Russian President Vladimir Putin has an 83 percent approval rating and 81 percent of Russians approve of the war (53% strongly approve) according to Levada, the only credible Russian polling organization. Analysts point out that some element of the responses reflect that opposition to Putin and the war has been criminalized, and after more than a decade of mostly one-sided media messaging of Putin and the Russian nationalist positions on the U.S., NATO and Ukraine, it’s understandable that most Russians believe the state narrative on the war and support Putin’s leadership. However, as Russian analysts and longtime observers point out, there is an alignment with Russian experience since the collapse of the USSR and the rise of Putin that helps reinforce the narrative.
- The Yeltsin years were chaotic and accompanied by massive hardship. Democracy and reform were discredited by the end of the 1990s.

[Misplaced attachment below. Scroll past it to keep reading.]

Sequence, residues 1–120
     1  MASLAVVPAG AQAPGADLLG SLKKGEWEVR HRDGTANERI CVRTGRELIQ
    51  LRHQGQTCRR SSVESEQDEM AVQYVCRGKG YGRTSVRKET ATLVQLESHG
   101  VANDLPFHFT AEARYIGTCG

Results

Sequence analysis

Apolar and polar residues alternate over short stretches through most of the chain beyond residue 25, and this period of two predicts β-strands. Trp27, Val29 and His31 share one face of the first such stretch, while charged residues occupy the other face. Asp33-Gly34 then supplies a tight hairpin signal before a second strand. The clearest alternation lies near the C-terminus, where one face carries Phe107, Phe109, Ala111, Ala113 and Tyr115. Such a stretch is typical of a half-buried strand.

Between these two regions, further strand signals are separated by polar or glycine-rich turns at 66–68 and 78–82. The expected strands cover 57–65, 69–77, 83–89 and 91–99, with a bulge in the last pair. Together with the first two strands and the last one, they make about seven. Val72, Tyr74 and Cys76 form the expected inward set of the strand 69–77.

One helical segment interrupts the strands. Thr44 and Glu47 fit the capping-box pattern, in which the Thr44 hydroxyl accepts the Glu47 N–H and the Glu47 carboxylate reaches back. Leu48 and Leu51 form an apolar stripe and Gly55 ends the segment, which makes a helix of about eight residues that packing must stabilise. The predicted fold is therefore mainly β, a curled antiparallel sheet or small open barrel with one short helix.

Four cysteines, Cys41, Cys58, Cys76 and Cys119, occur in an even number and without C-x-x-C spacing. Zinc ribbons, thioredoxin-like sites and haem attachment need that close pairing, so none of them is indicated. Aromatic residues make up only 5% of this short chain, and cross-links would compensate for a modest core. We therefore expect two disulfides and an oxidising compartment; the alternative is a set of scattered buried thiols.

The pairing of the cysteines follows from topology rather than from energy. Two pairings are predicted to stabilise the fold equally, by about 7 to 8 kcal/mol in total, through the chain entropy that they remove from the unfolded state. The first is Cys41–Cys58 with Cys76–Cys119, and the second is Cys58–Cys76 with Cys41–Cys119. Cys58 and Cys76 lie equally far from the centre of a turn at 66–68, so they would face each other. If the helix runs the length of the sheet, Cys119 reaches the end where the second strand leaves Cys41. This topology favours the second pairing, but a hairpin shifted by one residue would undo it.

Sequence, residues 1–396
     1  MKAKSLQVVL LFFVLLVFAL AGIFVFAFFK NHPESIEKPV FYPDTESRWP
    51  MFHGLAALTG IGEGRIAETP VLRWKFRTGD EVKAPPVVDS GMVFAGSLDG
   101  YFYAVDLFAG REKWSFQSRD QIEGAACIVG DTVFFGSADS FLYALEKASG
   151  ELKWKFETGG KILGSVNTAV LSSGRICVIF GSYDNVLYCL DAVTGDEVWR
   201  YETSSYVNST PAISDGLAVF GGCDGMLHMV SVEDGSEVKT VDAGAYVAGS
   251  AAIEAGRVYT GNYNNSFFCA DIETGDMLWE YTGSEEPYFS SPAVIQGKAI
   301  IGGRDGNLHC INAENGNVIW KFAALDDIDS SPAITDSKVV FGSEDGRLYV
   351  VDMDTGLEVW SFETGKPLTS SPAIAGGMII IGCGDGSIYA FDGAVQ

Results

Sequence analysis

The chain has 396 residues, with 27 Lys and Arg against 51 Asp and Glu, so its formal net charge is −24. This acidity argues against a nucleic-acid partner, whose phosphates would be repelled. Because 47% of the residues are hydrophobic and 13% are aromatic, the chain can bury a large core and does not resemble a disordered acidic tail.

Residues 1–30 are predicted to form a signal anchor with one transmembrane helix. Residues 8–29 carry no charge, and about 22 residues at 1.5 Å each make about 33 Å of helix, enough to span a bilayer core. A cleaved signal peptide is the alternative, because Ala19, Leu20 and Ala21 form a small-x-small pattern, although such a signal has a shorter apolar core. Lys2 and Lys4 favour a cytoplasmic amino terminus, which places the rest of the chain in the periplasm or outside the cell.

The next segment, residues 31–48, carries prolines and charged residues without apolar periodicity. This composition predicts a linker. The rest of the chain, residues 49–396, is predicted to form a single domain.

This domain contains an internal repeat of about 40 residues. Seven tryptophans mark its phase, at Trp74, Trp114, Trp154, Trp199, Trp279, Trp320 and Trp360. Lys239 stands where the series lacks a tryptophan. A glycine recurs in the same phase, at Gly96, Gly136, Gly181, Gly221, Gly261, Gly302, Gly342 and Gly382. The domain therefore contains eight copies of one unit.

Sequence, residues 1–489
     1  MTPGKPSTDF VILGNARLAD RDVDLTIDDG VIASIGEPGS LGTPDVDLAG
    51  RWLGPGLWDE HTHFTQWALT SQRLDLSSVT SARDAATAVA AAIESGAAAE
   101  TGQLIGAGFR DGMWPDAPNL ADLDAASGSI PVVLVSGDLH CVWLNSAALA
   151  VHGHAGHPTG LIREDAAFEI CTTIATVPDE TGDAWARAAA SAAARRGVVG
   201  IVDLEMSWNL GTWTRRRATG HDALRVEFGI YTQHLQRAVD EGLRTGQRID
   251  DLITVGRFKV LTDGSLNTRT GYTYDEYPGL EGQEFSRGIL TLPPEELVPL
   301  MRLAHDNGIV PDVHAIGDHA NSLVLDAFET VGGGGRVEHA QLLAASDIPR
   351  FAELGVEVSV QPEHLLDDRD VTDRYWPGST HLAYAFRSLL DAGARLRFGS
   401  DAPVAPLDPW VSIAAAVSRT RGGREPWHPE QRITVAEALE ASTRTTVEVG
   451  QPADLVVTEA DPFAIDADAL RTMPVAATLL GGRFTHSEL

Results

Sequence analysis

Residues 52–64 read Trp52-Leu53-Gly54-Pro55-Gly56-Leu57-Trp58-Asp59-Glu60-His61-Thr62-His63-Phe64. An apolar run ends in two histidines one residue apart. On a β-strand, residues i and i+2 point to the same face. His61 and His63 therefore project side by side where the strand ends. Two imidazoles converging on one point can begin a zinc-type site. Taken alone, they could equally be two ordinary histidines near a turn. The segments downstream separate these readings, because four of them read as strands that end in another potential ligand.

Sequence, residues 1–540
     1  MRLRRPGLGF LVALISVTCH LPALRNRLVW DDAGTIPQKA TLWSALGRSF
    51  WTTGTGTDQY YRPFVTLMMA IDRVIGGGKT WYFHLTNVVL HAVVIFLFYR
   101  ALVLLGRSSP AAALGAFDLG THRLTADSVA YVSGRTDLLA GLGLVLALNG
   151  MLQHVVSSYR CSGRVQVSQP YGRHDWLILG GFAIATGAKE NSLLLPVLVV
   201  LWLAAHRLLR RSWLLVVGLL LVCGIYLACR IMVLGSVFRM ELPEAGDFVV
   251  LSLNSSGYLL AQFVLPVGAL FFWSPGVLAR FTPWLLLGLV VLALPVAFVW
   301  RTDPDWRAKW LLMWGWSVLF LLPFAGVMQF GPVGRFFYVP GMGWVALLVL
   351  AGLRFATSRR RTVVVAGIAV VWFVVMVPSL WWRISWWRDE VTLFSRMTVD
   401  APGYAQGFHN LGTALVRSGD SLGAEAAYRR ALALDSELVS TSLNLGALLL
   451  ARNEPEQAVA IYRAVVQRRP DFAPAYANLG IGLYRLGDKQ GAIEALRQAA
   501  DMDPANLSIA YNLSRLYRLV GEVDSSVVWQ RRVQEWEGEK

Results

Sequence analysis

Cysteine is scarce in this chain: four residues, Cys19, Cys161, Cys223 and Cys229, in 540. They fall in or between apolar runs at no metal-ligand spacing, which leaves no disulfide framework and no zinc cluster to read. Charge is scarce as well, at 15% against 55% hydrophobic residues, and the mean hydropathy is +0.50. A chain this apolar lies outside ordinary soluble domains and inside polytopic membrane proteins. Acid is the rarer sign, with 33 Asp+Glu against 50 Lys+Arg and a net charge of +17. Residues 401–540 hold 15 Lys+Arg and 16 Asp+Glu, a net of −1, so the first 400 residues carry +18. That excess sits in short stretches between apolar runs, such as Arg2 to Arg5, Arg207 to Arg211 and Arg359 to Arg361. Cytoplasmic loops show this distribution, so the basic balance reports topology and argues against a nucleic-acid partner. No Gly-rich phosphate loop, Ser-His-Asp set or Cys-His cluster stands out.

- People yearned for stability and security. Putin offered that and much of this century has seen economic improvements, from higher oil prices and market reforms of the 1990s.
- Using nationalist and religious themes, Putin has made restoration of Russian greatness, both regionally and internationally, a goal. The Crimea annexation was very popular.
- America has been a longtime adversary. Countering the West and NATO was made a security issue. Any hardships today are blamed the West.
- Ukraine is a part of Russia has been a long-term theme. Any problems in the country are due to the West and its manipulation of Ukrainian leaders. Russian-speaking Ukrainians have been threatened and harmed.
- An entire generation of Russians have known no other leader beside Putin. He is identified with the nation’s greatness and their national pride.
- For some, it’s simply fatalism. Putin isn’t going away, might as well live with it.
- There are tensions with the war and hardship, but between repression and constant propaganda, no real alternatives are available.
There is no basis to believe the public will demand a change of policy in Ukraine or change of leadership.
The Chicago Council on Global Affairs: Russian Public Accepts Putin’s Spin on Ukraine Conflict
Axios: Inside Wartime Russia, Putin Isn’t Losing